This year 11 people made the top 10 favorites video due to a tie. I've been asked to put together a comprehensive breakdown of how the votes came out this year as well as comparing them to the votes from last year. So first and foremost, let's see who made the list this year:
Four months ago, Jon Alvarez asked a seemingly innocuous question on the Poi Chat forum on Facebook that led me to one of the most mammoth undertakings of my adult life: has anybody set down definitions of all the poi moves in one place? The answer is sadly no, but it got me thinking about why that answer was no...beyond whether someone had set up a dictionary or encyclopedia, to the very heart of how we define poi tricks and discuss them online.
So this year we tried something a bit different at FLAME Festival. Rather than decide amongst ourselves as organizers whom we wanted to come and teach at the festival, we put it in the hands of our community. The germ of this idea came from a conversation Ky, Justin, and I had immediately after Pacific Fire last year. All three of us wanted to find a way to pay our instructors, but we were at a loss as to how to do so in a fair and equitable way.
The 2014 Fire Festival Season will begin in 2 months! Here is a calendar of every Fire Festival that's declared dates in 2014 along with a link to the website for each festival. Please check back on occasion as I'll be posting more festivals as their dates become available.
Last week I got tagged in what turned out to be an incredibly badass and informative post by Cory Oliver from Florida. He’d discovered that Amazon has added a feature wherein they will donate .5% of your purchase to the charity of your choice. Currently all the charities they have listed to donate to are those that appear on Guidestar, so regrettably some of my favorites are not there.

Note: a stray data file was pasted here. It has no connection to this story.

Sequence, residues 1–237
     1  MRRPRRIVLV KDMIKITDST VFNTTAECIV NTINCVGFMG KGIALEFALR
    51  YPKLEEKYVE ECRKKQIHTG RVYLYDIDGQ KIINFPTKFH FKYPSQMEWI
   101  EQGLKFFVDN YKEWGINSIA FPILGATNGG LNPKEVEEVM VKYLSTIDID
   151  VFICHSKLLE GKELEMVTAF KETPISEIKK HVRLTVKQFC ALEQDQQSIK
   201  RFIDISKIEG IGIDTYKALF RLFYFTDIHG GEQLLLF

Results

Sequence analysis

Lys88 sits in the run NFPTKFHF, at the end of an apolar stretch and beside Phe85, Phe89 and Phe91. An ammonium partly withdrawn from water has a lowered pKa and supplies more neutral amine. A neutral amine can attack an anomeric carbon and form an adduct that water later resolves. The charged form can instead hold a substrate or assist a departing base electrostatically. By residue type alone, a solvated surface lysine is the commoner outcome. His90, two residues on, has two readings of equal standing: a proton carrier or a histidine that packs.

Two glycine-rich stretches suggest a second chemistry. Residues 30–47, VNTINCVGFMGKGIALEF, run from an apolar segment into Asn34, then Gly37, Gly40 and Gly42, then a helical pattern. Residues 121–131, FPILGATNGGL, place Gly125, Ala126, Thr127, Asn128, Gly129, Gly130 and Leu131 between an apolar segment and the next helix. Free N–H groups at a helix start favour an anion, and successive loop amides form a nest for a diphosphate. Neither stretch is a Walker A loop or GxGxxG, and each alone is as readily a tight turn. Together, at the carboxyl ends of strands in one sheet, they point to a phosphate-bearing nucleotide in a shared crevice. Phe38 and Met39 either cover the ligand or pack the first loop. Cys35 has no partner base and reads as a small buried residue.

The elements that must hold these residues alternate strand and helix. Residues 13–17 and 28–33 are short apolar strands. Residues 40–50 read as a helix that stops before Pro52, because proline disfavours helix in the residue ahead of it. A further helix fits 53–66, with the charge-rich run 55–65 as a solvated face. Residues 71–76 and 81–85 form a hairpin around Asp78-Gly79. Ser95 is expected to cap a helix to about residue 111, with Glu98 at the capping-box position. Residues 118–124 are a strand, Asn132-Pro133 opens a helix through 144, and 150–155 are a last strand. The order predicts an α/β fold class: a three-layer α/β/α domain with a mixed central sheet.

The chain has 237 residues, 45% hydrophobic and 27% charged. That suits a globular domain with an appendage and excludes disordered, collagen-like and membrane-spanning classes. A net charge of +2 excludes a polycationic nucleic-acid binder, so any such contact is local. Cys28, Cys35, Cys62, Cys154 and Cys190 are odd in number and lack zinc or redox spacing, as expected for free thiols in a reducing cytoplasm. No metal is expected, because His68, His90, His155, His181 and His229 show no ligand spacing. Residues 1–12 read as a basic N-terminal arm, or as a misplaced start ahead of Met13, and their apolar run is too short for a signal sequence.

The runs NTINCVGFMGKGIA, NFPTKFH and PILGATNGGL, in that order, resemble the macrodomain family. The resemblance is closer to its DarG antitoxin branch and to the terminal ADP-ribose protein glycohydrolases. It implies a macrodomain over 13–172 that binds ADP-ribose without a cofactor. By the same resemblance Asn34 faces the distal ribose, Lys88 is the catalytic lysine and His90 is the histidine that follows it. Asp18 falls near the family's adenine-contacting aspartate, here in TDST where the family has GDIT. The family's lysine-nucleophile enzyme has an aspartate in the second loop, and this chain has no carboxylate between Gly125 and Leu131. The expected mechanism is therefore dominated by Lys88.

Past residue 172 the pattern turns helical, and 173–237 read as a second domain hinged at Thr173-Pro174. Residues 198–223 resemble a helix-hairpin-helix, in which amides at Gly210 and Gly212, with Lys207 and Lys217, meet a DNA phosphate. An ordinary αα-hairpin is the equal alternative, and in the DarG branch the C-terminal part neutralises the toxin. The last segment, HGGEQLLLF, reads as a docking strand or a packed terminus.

A couple days ago, I posted a message on Facebook asking for suggestions on who I could do a future "Profiles in Poi" video on and Rob "Bluecat" Thorburn replied with a very intriguing breakdown. Rob cited a number of spinners whom he classified as old, middle, and new school poi spinners. I dug the idea, but thought a division into four instead of three groups made more sense.
So the wonderful folks at Flowtoys have asked me for my flow story, and like most things I do what I'm going to give them is going to be a little unconventional. It's not necessarily my flow story, but the story of five people who whether they realize it or not are directly responsible for the artist that I am today. We'll call this a thank you to all of them for actions big and small to push my journey forward :)
Last week I flew down to Florida for a couple days and had the opportunity to test out a theory I've held for a long time about travel with fire tools. Years ago when I was flying home from Burning Man, a pair of my fire staves was confiscated from me as I boarded my flight at the Reno airport to come home. I'd checked in late and as such, my bag was being manually taken to the plane rather than going through the usual steps and by the time it arrived at the aircraft, they'd taken the staves off of it.
A couple months ago I was sent a request for more intermediate-level tutorials via Facebook and I had kind of mixed feelings about it. On the one hand, I knew I could provide the content, but I also knew that I considered intermediate spinning to have slightly different qualities than the person requesting the tutorials may have had in mind. To me, intermediates begin seeing poi as being composed of smaller and more fundamental pieces of movement.
Everybody knows a performer when they see one: performers are loud and outgoing, friendly and confident. They reach right out to you and draw you into their world, promising a good time with someone who makes you feel totally at ease. I’ve never done a poll, but I’d suspect that the ideal performer to most of us is somebody that fits the rough definition Carl Jung laid out in the 1920s of an extrovert: a person who is sociable, takes charge, is outgoing, and is at their best in a crowd of people.